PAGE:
#EndSars protesters in Nigeria

TobiJamesCandids/Wikimedia (CC-BY-SA)

Here’s why police brutality protests post in Nigeria are being flagged by Facebook

The tech company says a mixup with its systems caused the posts to be inadvertently labeled as false.


Mikael Thalen


Instagram users are having their posts regarding the #EndSars protests in Nigeria flagged, leading many to accuse the site of censorship.

The issue has been raised all across social media as users attempt to bring awareness to the protests, which are directed at a Nigerian police unit known as the Special Anti-Robbery Squad (Sars).

The protests reached a fever pitch on Wednesday after several demonstrators in the city of Lagos were reportedly wounded and killed by gunfire.

Although the police unit has now been disbanded, the outcry has only intensified given that Sars has been accused for years of harassment, assault, and extra-judicial killings.

But users say Facebook, which owns Instagram, has been flagging their #EndSars posts for allegedly containing “false information.”

One popular Twitter user shared a screenshot of the notice from Instagram after his post discussing the protest was allegedly deleted.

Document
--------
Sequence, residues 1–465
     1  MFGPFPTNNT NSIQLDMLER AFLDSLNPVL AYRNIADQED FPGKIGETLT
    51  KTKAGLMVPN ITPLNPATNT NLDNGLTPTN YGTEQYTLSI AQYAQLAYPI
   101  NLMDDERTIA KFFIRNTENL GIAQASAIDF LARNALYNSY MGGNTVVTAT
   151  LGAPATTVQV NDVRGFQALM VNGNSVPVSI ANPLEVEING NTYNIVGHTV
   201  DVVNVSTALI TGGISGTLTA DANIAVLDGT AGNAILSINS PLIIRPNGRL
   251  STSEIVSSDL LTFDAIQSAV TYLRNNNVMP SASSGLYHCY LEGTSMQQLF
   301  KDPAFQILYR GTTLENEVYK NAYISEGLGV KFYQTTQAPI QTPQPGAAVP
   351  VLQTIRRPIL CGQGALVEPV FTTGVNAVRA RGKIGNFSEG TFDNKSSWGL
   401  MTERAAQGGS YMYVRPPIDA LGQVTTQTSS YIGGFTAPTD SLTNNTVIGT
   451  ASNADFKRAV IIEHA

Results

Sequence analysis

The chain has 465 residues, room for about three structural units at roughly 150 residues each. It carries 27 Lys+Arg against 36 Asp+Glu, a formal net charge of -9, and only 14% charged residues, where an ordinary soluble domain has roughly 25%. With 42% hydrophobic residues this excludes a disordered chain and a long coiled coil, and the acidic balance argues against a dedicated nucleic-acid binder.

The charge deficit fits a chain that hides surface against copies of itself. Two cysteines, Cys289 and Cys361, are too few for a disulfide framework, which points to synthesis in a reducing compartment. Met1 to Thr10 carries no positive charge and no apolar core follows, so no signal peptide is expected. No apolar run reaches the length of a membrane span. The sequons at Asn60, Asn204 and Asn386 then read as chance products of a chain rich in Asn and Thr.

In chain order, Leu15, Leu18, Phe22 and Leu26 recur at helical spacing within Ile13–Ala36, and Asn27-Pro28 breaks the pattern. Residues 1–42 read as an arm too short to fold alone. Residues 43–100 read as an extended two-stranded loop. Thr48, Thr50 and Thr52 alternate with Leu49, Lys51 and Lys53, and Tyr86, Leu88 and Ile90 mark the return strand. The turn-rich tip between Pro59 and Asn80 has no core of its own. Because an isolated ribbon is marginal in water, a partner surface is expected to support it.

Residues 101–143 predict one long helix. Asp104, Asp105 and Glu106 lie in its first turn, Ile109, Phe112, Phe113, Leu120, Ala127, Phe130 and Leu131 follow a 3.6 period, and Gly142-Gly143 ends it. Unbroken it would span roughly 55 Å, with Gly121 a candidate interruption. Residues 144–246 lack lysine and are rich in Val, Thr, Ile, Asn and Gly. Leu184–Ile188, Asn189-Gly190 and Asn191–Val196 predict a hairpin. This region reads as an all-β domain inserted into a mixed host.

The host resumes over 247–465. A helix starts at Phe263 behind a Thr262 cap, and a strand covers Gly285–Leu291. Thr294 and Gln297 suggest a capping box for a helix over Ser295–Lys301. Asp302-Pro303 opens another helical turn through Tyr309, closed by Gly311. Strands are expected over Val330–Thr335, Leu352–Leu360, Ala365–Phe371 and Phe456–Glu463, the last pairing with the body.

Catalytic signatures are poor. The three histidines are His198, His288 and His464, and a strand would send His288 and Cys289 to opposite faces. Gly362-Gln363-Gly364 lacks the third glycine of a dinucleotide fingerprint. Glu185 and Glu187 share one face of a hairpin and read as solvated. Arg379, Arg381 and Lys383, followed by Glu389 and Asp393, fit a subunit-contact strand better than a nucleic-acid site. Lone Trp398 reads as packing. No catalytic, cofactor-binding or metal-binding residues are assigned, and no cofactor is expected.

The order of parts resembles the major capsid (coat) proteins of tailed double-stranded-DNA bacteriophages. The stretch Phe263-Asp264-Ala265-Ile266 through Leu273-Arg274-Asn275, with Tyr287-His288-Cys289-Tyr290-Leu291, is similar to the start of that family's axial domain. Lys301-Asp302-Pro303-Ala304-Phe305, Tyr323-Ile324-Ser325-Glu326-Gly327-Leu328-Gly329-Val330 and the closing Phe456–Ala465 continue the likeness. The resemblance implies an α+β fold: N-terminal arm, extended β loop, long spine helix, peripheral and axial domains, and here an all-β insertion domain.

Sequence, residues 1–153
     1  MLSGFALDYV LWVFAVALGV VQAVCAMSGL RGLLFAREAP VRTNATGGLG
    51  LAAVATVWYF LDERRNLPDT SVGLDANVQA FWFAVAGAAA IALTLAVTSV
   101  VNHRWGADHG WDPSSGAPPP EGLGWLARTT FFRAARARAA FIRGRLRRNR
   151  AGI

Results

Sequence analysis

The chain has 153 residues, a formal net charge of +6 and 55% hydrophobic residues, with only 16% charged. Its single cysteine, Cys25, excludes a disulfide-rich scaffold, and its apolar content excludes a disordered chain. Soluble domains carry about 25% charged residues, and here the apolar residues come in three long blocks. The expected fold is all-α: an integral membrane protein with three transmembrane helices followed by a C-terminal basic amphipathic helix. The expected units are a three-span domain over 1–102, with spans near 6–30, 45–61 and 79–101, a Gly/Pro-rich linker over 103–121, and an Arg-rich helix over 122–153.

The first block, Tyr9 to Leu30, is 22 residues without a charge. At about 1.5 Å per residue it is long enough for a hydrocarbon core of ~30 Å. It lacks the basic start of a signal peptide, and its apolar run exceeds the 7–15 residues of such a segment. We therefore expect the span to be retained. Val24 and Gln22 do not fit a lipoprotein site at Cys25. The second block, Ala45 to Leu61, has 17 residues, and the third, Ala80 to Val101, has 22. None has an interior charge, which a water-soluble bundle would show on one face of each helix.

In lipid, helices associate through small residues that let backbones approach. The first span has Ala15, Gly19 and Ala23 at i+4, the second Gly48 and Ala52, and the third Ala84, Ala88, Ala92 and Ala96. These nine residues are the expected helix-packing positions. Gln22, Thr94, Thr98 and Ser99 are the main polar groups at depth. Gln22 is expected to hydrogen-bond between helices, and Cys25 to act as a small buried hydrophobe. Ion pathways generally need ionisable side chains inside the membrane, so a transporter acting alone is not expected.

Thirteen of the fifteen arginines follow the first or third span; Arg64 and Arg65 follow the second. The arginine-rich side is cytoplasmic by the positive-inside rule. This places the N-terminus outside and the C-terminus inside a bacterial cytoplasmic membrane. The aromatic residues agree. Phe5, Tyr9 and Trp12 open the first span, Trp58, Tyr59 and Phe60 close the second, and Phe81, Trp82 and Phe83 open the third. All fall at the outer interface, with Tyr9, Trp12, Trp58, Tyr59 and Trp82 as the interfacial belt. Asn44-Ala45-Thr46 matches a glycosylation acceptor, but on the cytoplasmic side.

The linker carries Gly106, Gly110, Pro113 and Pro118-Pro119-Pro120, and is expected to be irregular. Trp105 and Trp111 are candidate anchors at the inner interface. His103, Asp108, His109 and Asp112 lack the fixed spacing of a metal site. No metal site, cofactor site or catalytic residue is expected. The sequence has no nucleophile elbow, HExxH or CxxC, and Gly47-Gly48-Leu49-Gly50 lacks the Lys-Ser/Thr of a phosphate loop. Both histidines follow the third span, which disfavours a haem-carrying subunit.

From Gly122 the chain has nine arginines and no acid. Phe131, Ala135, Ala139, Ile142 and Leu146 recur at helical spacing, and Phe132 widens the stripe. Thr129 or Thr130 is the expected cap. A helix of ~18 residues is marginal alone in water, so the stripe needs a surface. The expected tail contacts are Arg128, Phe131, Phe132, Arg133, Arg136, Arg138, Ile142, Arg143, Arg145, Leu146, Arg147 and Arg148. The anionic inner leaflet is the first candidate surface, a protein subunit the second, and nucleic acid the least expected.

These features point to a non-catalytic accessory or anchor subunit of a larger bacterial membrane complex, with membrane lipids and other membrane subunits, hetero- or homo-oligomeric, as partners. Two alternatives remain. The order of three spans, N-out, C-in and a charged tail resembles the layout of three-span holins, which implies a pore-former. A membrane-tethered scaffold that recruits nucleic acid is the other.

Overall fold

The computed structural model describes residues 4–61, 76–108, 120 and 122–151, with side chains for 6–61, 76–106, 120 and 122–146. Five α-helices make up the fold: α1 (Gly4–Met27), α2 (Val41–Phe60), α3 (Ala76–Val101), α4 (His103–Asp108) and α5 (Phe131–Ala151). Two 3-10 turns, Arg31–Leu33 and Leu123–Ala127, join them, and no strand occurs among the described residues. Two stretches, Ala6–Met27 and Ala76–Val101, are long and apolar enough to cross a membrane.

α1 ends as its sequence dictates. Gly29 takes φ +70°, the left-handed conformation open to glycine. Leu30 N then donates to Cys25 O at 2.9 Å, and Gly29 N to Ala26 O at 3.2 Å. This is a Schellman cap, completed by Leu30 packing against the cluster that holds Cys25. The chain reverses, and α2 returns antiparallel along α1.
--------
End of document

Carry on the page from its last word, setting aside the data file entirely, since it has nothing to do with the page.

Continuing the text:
“I posted pray for Nigeria and they deleted it and said it’s false information,” @konanplaydirty said.

Another user claimed that several of their posts, including one merely showing an image of a bloodied Nigerian flag, had also been flagged.

One of the screenshots, however, shows exactly what caused the issue to begin with. Instagram appears to have confused certain #EndSars posts with another story potentially related to Severe Acute Respiratory Syndrome (SARS).

The fact check notice reveals that the post was flagged because Instagram believed it was related to the false claim that CNN aired a chyron about “two deadly viruses” killing Nigerians.

The social media giant has struggled with misinformation relating to coronavirus as well, which is also known officially as Severe Acute respiratory syndrome Coronavirus 2, or SARS-CoV-2, possibly aiding in the confusion.

The fact that the debunked claim involved Nigeria and potentially the term “SARS” appears to be why posts linked to #EndSars were flagged.

A Facebook spokesperson confirmed in a statement to the Daily Dot that the #EndSars posts were being inadvertently flagged.

“We are aware of an issue where some posts in support of #EndSARS are being incorrectly flagged as false in our systems,” the spokesperson said. “We are working quickly to resolve this.”

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